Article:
Is this idea about distributed database server with centralized storage feasible?
Is this idea feasible?
Does it already exist?
Not that I know of.
What kind of database could support such an architecture?
Honestly, this is a really bad idea on many levels. There's a reason companies keep critical data within the datacenter. You don't want business applications to be dependent on X number of desktop machines to be up and running. Another issue would be firewalls - in all but small environments, there would be no guarantees that Desktop X would be able to communicate with Desktop Y, and good luck getting that firewall change past your network team.
Is there any reason your company doesn't have a central well-maintained database server that this app can use? There's no reason a company wiki should need its own database server.
This question isn't related to system administration but when I read it so many warning alarms went off that I just have to answer.
I really have to tell you that your entire concept is so far off the mark that you won't find anyone else doing it. For starters, SQLite is unsuited to such jobs and the fact that you've had some success with it is more due to good luck that anything else.
Your plan has so many holes in it I really don't know where to start but I will tell you that it will be an overly complex system that will prove to be incredibly unreliable and poor performing.
time to set up something like a company Wiki or similar can be reduced from several months to just days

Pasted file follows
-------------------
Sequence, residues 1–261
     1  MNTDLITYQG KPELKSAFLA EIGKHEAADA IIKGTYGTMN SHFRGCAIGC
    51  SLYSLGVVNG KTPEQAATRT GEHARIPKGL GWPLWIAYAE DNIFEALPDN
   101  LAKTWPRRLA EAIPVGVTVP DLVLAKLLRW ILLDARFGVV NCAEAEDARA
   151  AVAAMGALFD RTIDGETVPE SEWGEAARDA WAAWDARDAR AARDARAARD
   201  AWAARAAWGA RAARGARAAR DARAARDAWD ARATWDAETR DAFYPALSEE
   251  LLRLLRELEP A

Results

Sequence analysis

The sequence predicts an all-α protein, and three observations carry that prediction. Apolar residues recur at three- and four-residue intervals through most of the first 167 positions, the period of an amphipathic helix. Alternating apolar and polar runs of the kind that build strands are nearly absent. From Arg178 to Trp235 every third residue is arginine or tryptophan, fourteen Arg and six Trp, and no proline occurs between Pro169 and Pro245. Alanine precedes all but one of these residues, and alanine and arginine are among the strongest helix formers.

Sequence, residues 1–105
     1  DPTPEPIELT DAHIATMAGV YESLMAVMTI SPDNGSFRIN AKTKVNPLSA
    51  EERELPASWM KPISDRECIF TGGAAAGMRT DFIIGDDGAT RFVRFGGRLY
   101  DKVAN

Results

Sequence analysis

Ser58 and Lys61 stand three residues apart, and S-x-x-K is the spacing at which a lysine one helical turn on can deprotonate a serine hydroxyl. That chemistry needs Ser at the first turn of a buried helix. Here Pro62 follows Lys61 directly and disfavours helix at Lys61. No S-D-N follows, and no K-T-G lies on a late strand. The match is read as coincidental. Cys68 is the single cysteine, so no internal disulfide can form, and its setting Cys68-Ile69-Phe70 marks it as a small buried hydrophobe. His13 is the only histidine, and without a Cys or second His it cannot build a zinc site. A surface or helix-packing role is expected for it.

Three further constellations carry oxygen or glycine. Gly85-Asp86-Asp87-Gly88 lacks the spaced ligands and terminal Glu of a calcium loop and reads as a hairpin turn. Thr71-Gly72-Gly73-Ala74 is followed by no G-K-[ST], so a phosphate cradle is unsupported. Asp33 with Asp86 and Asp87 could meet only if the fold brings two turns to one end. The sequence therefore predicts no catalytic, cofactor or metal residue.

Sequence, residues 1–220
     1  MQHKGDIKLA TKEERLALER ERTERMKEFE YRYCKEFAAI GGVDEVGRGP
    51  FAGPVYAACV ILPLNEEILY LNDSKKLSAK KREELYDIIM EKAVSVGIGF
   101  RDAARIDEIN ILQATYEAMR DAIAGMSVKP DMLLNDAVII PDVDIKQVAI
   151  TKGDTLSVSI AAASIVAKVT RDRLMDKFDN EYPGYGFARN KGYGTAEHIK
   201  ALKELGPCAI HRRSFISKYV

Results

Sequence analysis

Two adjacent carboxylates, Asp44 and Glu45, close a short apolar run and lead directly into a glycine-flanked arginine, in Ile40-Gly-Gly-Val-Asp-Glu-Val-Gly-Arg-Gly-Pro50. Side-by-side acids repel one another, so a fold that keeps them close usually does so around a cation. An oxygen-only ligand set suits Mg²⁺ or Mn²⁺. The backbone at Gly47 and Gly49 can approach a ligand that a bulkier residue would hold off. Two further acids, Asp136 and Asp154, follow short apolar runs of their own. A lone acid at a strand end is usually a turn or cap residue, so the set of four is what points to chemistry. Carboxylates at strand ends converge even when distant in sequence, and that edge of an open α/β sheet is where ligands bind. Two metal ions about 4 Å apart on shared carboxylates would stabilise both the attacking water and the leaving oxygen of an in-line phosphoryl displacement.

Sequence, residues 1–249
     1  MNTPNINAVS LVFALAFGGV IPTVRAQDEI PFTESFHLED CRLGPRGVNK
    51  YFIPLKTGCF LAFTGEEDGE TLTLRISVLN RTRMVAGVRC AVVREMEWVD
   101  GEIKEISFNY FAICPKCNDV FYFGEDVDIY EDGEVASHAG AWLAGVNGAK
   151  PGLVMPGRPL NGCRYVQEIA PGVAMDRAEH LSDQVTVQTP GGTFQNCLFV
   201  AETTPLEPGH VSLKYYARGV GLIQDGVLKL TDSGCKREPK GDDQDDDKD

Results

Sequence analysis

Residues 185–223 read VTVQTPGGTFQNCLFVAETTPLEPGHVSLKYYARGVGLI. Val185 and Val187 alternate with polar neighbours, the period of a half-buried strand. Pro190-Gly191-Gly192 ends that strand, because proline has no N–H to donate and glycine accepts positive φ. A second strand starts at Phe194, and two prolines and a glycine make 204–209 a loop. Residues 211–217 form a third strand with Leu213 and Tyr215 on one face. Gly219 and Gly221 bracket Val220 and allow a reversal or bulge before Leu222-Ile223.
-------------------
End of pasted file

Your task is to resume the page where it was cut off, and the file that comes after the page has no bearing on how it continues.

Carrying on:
Tells me much. To set up a wiki normally takes only minutes and any decent wiki system will have aides to speed up the importing of data from other systems.
I suggest you abandon your current design ideas and have a look at how such things are being done by others. Use any one of the common wiki systems (I prefer MediaWiki) with a regular database system (MySQL being very popular) and you'll not only save massive amounts of time but you'll end up with a system that is both more usable and more robust, plus much cheaper to implement.
In short, stop trying to reinvent the wheel, because your current design is going to end up more like a square with a hole roughly in the middle.
You could actually build a good distributed database environment if you partition (or target) your reads and writes at different databases. We do such work, and the trick is very simple. You have the master database on a file server and target all writes to it. You have a local copy of the database on every user's computer and you target the reads to it. You now also need a synchronizing mechanism between the master database and the local databases. This can be done in multiple ways. One way is to have a "delta" table in the master database. This delta table will contain the transactions that have been applied in the master database. Whenever the user's application performs a read or write operation, the delta on the master is first checked and updated locally. Only the transactions in the delta not yet applied (which can be checked based on time stamp) need to be applied. You could even have a background process doing this continuously. This delta could be a daily delta (or a weekly delta) when it is flushed. If a user has not logged on for a week or so, you just simply copy over the whole database to the user's computer. The advantage of having a local copy is that users can query stuff even when they are offline and - believe it or not - this is pretty fast even when you are online updating stuff.